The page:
Freedom for the Self-Employed is an Illusion
A reader of Talking Through My Hat, Mr. Greg Exelby from Bellingham, Washington, phoned me Monday to discuss some of my thoughts about beng a print broker. I don’t know how much help I was to him because the business is such a double edged sword. There is tremendous freedom in running your own business and being your own person, but actually a good print broker doesn’t really have much freedom. Instead of working for one boss, you now have many bosses to please. My wife complains that I am unable to take a vacation, if I ever get one, without the cell phone ringing. Freedom for the self-employed is an illusion. To be fair we didn’t discuss the freedom aspect during that phone call, but I should have told him.
We did discuss the difficulty in starting this type of business. The old saying, “Build a better mousetrap and the world will beat a path to your door” is not true. It is more like, build a better mousetrap, figure out how to convince people that they need a better mousetrap, then sell, sell, sell until you are sick of selling. Honestly it is sometimes a challenge to save a drowning man from drowning if you don’t first convince him of the advantages of not drowning.
Answer this question, “Who is the largest hamburger chain in the word?” If you didn’t say McDonald’s I’d be surprised. If you don’t know the brand McDonald’s you must be from the bush or under one year old. So why do they still advertise? Do you need to see another TV commercial to learn about McDonald’s. No, but for them to stay on top of the heap they have to keep telling us how terrific their burgers are. I’m not going to debate the value of the product, if marketed right and continuously anything will sell. It doesn’t have to be the better mousetrap. It’s all about marketing.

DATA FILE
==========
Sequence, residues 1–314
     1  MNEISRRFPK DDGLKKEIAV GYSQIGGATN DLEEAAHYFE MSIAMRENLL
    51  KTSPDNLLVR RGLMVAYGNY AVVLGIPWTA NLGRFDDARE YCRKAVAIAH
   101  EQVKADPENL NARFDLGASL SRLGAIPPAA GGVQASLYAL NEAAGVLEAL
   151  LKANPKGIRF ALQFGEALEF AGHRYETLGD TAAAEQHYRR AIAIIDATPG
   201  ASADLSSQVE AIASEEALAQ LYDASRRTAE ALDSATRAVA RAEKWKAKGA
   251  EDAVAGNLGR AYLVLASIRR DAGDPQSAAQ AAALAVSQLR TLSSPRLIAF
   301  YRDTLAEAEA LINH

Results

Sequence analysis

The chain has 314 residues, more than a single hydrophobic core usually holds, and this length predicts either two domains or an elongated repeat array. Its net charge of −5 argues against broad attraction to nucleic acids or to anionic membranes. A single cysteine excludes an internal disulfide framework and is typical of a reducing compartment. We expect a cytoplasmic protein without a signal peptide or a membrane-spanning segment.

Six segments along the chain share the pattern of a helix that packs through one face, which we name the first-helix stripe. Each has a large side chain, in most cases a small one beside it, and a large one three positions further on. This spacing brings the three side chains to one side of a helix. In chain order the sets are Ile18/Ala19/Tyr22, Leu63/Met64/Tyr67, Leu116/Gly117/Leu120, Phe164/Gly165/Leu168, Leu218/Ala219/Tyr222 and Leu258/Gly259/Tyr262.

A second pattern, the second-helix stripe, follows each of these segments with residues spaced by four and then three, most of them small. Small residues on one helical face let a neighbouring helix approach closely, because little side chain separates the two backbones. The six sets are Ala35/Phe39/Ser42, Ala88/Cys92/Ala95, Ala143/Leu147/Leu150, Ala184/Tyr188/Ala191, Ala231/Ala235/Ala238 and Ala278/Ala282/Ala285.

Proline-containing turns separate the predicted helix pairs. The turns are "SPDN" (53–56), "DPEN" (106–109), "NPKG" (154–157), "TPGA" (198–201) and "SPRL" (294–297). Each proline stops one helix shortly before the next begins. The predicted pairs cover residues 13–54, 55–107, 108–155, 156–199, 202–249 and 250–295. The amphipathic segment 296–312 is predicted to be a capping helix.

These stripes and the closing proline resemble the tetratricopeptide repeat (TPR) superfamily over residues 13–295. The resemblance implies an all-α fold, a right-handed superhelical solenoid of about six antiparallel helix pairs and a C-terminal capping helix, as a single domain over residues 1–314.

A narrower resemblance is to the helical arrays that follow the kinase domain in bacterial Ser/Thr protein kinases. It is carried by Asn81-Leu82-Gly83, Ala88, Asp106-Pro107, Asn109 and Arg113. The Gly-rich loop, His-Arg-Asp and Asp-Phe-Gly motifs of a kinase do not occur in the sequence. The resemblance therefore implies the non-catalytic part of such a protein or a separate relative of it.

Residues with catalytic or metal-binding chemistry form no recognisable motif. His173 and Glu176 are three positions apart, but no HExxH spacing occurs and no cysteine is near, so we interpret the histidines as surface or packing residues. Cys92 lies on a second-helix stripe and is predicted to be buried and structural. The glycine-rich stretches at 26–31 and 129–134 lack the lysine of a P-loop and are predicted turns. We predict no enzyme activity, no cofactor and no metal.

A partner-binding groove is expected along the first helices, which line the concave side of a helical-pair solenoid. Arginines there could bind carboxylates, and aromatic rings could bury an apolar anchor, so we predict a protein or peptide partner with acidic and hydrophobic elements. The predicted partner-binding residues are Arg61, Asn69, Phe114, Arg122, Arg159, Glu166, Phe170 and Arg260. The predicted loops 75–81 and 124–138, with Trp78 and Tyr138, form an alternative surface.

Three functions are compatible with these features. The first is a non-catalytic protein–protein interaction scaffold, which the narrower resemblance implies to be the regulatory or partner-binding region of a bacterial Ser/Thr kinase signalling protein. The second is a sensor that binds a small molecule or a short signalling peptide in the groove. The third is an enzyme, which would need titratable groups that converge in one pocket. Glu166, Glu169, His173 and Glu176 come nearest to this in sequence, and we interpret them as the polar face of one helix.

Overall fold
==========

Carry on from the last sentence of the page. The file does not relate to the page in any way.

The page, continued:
Greg sent me a promotional letter that he wrote and his resume. He is representing himself as an International printing consultant . With over 30 years of technical and practical experience, he has the credentials. He is the real deal–the better mousetrap. Both Greg and I have witnessed customers befuddled at a press check, uneducated customers struggling with details, and customers who are clueless about the processes. Greg thought that those customers that need to use his expertise would understand the need and call him. Unfortunately, that is not the way it works. People don’t always know what is best for them, and they often don’t trust people who do know. There’s an old sales adage that says that people buy from friends. Thus becoming a friend is often more important than having the best solution or the best price. How does one become a trusted friend? It takes time, it takes patience, it takes effort. Hanging out one’s shingle isn’t enough.
To Greg and all the other Gregs out there I want to wish you luck. Becoming a print broker, printing consultant, or independent print buyer isn’t easy. It is as difficult a task as starting any business, but if you enter it as a business, and develop it on sound business practices, it can be very rewarding.